In one instance, public relations executive Sara Evans, who is with the New York-based firm Finsbury, acknowledged in court papers that she and Shari Redstone had a phone conversation with CNBC reporter David Faber on April 10.
The next morning, CNBC broadcast a report by Faber that said Redstone was planning to replace Moonves — a development that caused CBS’ stock to tumble. In the report, Faber attributed the information to “sources familiar with the situation.”
Evans, in her court testimony, said Redstone had not told Faber that she intended to replace CEO Leslie Moonves or CBS board members. But even in April, CBS appeared convinced that Redstone had planted the CNBC report to weaken CBS’ management to help her push through a plan to unite CBS and Viacom. She and Moonves have clashed over the merger idea, which Moonves opposes.
The allegations of sexual harassment lodged against Moonves were not raised during Wednesday’s hearing.
“The harassment thing is just a distraction,” said Charles M. Elson, a corporate governance expert at the University of Delaware. “The real issue here is whether the dual-class share structure of the company is appropriate for a publicly traded company.”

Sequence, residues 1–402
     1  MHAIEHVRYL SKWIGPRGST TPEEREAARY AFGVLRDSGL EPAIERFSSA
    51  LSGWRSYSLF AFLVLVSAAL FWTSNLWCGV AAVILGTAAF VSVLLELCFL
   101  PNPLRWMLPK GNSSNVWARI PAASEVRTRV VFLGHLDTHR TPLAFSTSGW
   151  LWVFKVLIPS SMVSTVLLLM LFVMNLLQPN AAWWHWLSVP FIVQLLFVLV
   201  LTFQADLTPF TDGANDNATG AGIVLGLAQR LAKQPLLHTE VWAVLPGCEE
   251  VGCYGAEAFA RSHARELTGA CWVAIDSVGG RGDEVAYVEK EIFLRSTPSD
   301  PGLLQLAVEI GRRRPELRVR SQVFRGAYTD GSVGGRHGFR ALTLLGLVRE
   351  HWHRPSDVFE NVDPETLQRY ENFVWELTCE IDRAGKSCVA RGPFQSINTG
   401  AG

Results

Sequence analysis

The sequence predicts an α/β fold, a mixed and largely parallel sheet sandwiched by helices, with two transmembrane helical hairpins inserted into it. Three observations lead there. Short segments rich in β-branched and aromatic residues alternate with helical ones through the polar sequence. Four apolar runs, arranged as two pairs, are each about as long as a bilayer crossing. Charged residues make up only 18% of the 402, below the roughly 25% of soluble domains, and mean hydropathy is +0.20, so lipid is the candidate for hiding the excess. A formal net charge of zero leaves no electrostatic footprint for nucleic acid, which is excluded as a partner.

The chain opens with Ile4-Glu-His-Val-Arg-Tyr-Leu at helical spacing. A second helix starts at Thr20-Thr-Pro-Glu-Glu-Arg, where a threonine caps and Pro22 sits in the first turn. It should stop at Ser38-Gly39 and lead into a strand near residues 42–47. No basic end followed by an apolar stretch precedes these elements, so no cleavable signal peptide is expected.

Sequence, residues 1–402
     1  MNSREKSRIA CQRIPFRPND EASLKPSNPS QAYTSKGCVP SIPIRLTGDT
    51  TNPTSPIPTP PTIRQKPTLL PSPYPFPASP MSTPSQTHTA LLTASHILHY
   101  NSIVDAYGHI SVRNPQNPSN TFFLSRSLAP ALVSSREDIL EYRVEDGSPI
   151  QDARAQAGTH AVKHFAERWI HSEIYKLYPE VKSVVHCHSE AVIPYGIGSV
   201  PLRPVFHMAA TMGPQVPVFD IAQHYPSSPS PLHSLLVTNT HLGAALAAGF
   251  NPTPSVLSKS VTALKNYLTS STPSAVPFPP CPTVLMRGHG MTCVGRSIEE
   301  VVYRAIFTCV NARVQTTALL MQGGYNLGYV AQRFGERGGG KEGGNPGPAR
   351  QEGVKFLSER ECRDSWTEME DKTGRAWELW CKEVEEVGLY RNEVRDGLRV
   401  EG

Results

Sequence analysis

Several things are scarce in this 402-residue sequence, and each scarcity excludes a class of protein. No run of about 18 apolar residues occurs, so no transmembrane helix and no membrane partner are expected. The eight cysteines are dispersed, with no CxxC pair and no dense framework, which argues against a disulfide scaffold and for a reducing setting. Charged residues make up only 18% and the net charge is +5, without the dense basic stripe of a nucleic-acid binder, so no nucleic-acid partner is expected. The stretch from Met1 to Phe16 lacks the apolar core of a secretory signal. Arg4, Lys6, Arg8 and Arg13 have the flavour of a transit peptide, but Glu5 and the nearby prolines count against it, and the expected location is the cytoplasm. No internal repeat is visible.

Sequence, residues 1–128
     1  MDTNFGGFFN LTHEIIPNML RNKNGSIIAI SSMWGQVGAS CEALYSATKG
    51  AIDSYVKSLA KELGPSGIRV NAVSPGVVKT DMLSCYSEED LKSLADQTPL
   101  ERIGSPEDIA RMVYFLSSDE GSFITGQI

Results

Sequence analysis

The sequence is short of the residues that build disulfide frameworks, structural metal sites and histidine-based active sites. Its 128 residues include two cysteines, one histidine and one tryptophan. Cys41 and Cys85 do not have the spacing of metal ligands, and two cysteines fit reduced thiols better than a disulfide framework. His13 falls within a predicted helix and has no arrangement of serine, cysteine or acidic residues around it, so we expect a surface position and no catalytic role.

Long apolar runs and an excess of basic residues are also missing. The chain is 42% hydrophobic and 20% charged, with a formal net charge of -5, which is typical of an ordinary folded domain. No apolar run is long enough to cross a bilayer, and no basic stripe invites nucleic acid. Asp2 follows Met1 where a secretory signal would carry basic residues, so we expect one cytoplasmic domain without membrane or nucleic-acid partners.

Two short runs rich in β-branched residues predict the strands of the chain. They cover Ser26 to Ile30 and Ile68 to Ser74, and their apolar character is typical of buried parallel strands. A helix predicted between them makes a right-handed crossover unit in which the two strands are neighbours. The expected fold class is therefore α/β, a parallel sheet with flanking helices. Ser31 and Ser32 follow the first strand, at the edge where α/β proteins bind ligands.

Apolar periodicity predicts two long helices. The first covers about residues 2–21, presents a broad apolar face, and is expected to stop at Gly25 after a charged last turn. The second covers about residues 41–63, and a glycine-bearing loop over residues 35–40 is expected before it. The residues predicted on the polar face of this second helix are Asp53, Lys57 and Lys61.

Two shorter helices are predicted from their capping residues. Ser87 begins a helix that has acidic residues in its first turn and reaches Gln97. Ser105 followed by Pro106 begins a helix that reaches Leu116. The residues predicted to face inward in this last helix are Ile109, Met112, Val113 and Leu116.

Last week, the board voted to hire two high-powered female lawyers to investigate the allegations of sexual harassment, which were detailed in a July 27 article in the New Yorker magazine. Several of the women interviewed said Moonves “forcibly kissed” them decades ago. Separately, a former employee from Lorimar Productions told police late last year that Moonves assaulted her on at least two occasions in the mid-1980s. Los Angeles County prosecutors declined to bring charges because the statute of limitations had expired.
Moonves has acknowledged that he may have made “some women uncomfortable by making advances,” but the longtime CEO has denied forcing himself on women who said “no.”
“The board is neither beholden to Shari nor are they beholden to Moonves,” Elson said, noting the investigation into Moonves’ alleged misconduct. “The board is really in the middle of all of this — and they should be representing the interests of shareholders.”